Asynchronous Multifocal Renal Cell Carcinoma In The Contralateral Kidney 10 Years After Primary Diagnosis
J Hull, K Anson, H Pandha
asynchronous, multifocal, renal cell carcinoma
J Hull, K Anson, H Pandha. Asynchronous Multifocal Renal Cell Carcinoma In The Contralateral Kidney 10 Years After Primary Diagnosis. The Internet Journal of Urology. 2004 Volume 3 Number 1.
We present a case of multifocal asynchronous renal cell carcinoma which developed almost a decade after the primary was resected. Although detected in an asymptomatic patient within a current surveillance programme, the anatomical location of the tumours precluded any form of nephron-sparing intervention. We discuss the biological and clinical aspects of asynchronous recurrence of renal cell carcinoma in the contralateral kidney.
Renal Cell Carcinoma (RCC) accounts for 90 % of all renal tumours and approximately 1-2 % of all malignancies. In 75% of all cases the presentation is of unilateral N0M0 disease. However, between 1.8 – 3.8 % of patients present with synchronous or asynchronous bilateral disease1. Bilateral disease exists both in hereditary (e.g. von Hippel-Lindau disease 1) and sporadic forms 2. Renal bed recurrence or distant metastases may occur as late as 24 years after the diagnosis of the primary is made3, and may be treated by surgery and/or immunotherapy. Asynchronous recurrence confined to the remaining kidney is treated surgically to maximise preservation of native renal tissue by tumour enucleation 4 or partial nephrectomy 5. If this is not technically possible, the patient is considered for nephrectomy and dialysis. We present a case of patient with asynchronous multifocal RCC occurring 10-years after initial nephrectomy and discuss the management dilemmas this posed.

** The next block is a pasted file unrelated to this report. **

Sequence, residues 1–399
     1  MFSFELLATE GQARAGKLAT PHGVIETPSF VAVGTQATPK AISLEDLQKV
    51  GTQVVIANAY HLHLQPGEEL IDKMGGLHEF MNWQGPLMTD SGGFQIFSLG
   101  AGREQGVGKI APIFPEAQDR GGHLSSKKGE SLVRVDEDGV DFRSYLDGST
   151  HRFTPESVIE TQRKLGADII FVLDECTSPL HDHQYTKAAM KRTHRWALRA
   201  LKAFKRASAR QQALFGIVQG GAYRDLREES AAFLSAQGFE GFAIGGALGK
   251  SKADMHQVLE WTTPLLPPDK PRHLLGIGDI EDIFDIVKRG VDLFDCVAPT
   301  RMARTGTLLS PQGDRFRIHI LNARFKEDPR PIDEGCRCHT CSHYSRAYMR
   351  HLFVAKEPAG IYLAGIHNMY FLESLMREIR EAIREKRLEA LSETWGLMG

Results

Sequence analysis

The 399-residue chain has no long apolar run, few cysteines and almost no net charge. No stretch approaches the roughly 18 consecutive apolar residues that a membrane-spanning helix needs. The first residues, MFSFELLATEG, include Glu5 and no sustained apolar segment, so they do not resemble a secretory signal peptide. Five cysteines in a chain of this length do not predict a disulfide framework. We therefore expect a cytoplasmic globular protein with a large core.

A 73-year-old female presented with a short history of malaise associated with a tumour arising from the right kidney. She underwent open nephrectomy for a G2pT1b multifocal clear cell carcinoma. There were no other adverse histological features or family history of malignancy. No adjuvant therapy was given. She was evaluated twice yearly by clinical examination and abdominal ultrasound and remained completely asymptomatic. However in the tenth year of follow-up, abdominal ultrasound revealed multiple lucencies in the remaining kidney consistent with multifocal carcinoma. Figure 1.
Staging investigations indicated no evidence of local invasion or distant metastases. Needle biopsy of one lesion confirmed clear cell carcinoma and identical histology to the contralateral multifocal tumour removed 10 years previously. Due to their anatomical location, partial resection or selective destruction of individual tumours was not feasible. The patient declined nephrectomy and the inevitable need for dialysis support. Over the last 12 months, she has progressed radiologically within the kidney despite interferon-alpha and, subsequently, thalidomide.